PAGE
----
Council threatens court battle over Gove GCSE shambles

Article published: Tuesday, September 25th 2012

Manchester City Council is backing legal action over this summer’s GCSE grades scandal that may have caused hundreds of the city’s young people to miss out on getting required grades.

Education Secretary Michael Gove. Photograph: Steve Punter

The council and 36 other local authorities along with pupils, teaching unions and 113 schools have served national exam regulator Ofqual with papers announcing that they intend to mount a judicial review of their refusal to regrade the exams.

The exam regulator has seven days to respond to the ‘pre action’ letter sent last Friday. Papers were also sent to major exam boards AQA and Edexcel.

Thousands of pupils were left disappointed when it emerged that exam boards had secretly changed marking criteria halfway through the year to make some exams taken in June harder to pass than those taken in January.

For some exams the grade difference was as high as ten marks, causing many to miss out on vital C grades needed to enter college.

And at least 143 schools in England were left threatened with closure or forced conversion to Academies after failing to hit GCSE targets, according to the Association of School and College Leaders.

Furious pupils, teachers and parents accused the government of moving the goalposts as the GCSE success rate fell for the first time ever, and the Welsh devolved government ordered a full remark.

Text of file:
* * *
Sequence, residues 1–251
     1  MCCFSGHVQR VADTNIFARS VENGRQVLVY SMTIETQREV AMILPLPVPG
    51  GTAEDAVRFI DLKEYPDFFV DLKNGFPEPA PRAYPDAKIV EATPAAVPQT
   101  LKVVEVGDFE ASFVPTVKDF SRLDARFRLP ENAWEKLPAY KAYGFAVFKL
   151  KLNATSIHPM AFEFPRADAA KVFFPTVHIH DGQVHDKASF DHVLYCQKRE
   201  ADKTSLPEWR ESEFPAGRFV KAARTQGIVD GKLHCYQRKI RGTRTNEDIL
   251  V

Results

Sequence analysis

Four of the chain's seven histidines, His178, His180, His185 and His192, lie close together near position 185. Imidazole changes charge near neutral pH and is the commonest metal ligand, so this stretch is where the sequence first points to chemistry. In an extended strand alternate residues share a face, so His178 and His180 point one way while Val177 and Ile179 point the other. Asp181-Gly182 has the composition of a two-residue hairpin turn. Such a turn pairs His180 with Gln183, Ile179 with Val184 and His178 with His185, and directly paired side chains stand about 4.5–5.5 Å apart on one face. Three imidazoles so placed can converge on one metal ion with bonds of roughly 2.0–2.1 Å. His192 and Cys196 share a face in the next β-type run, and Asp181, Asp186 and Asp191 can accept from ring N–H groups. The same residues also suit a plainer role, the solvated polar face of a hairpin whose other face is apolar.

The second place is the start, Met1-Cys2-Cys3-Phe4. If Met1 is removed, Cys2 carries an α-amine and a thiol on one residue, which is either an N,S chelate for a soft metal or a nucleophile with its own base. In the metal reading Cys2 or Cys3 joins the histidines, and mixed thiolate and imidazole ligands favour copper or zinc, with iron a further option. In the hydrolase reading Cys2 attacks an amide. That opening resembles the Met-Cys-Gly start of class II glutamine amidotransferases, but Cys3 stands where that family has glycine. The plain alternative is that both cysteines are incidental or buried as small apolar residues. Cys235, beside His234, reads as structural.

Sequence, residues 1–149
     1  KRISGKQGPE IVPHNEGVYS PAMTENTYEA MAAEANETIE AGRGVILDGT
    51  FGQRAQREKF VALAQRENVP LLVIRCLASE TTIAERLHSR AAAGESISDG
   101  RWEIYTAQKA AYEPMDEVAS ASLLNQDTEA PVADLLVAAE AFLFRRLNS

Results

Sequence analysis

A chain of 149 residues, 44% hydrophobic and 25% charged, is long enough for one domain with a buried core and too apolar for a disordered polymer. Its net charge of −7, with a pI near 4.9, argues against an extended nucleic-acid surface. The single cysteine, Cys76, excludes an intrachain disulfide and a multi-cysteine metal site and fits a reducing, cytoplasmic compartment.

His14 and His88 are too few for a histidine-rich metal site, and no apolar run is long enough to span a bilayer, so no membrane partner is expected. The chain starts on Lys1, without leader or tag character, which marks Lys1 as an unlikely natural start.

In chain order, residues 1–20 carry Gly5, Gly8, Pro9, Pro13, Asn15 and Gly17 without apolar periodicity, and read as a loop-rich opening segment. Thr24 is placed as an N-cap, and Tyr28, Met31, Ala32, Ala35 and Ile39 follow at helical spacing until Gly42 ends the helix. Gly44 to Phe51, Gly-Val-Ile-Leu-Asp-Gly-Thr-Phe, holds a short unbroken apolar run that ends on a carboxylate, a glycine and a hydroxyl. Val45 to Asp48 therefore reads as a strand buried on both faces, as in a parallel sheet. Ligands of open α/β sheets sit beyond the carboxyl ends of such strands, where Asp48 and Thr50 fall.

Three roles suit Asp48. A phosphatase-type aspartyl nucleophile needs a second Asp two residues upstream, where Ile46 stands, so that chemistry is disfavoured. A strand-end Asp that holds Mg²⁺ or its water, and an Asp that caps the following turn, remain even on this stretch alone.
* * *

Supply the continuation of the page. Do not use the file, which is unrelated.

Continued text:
Ofqual stood by the grades however, arguing that January’s GCSE results had been too generous. Conservative education secretary Michael Gove, who wants to radically overhaul GCSEs, claimed the Welsh government’s decision to order a remark would “undermine confidence” in the crucial exam.

The unprecedented chaos led the Manchester College to cut its entry requirements and accept pupils who received a D in English this year, amid fears that 500 students with provisional offers would miss out on A level and national diploma courses.

Manchester’s schools avoided the national drop in grades, however. A total of 53.5 per cent of children across the city earned at least five A* – Cs, an improvement from 51 per cent last year.

Speaking to the Manchester Evening News, the city’s lead councillor for children’s services Afzal Khan said, “Having reviewed the legal advice received so far in relation to this, we have decided to join the group action.

“Our motivation for doing so is to ensure no individual pupils or Manchester schools have been adversely affected as a result of taking exams this summer. At the moment, from what our schools are telling us, they believe there is a good chance they may have been.

“If this proves to be the case then this is wholly unfair and we will do whatever we can to support pupils and our schools in making sure this is put right.”

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